Keeping hummingbirds safe in winter - BC SPCA
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Keeping hummingbirds safe in winter

October 26, 2021

Nectar feeders provide a food source for hummingbirds in winter, but they’re a big commitment. If you commit to winter feeding, you must commit fully. Non-migratory hummingbirds may come to rely on this food source and will suffer if it is interrupted. Don’t put hummingbird feeders out if you’re not prepared to clean them regularly and keep them fresh and thawed.

Learn more below for tips to keep hummingbirds safe this winter.

Keep feeders clean

Feeders often attract unusually large numbers of hummingbirds to one area – this can be a joy to watch, but also means any fungus or bacteria in the feeder will affect many birds. These infections can cause their tongues to swell and often result in death, a sad outcome for birds and bird lovers. Clean feeders regularly to prevent fungal or bacterial growth.

Clean feeders with a solution of one part white vinegar to four parts water about once a week. Change the nectar solution every few days.

Anna's hummingbird on snowy branch
Photo credit: Mary-Jean Payeur

Don’t let your feeder freeze

Feeders that are left empty or left to freeze can lead to starvation for the birds that have come to rely on them. Make sure your nectar never freezes, and can be provided through the whole winter. Have a friend or neighbour check your feeder if you’re away. In harsh temperatures, you may need to bring your feeder in at night to prevent freezing – this won’t disrupt the hummingbirds if the feeder is put back out first thing in the morning.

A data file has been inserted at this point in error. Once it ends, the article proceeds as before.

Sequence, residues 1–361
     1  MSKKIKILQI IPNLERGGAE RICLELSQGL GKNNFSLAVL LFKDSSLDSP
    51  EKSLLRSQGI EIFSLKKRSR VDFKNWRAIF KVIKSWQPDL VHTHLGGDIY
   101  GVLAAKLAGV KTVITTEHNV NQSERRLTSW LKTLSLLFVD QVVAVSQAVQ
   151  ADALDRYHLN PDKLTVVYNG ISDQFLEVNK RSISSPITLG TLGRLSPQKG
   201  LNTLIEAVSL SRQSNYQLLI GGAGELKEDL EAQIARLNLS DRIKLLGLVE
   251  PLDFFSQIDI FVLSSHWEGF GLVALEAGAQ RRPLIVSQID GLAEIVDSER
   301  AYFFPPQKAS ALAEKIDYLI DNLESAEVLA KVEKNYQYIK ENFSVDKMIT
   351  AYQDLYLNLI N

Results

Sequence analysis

Make nectar the right way

While there are many different recipes available online, this is the only one we can recommend, and the one we use at our own Wild Animal Rehabilitation Centre.

To make nectar:

  • boil water for two minutes
  • mix one part white sugar to four parts water
  • allow the mixture to cool before filling feeder
  • never use honey, sweeteners, molasses, brown or raw sugar
  • don’t add red food colouring or other products

White sugar is closest to the sugars they find in nature, other types of sugars or recipes could make them sick and die. Even in winter, do not change the ratio of sugar to water. Adding more sugar may help prevent freezing, but it’s not healthy for these sensitive little birds.

hummingbirds at feeder by Michael Hammond
Use a bright red feeder instead of food colouring to attract hummingbirds. Photo credit: Michael Hammond

Make your feeder visible

Hummingbirds are naturally attracted to red and other bright colours. To them, these colours signal nectar-rich flowers. This is why you see so many hummingbird feeders that come with a red base or red container. Even if your feeder isn’t red, you can make it more attractive by adding a bright red ribbon. Over time, the birds will learn and remember where to find nectar.

Don’t add red food colouring, or buy pre-made nectar dyed red. These additives simply aren’t designed or tested for tiny hummingbirds and their lightning-fast metabolism. Stick to basics, and use our simple white sugar recipe to make sure you’re keeping hummingbirds safe.

Read more about feeding birds and other wildlife (PDF).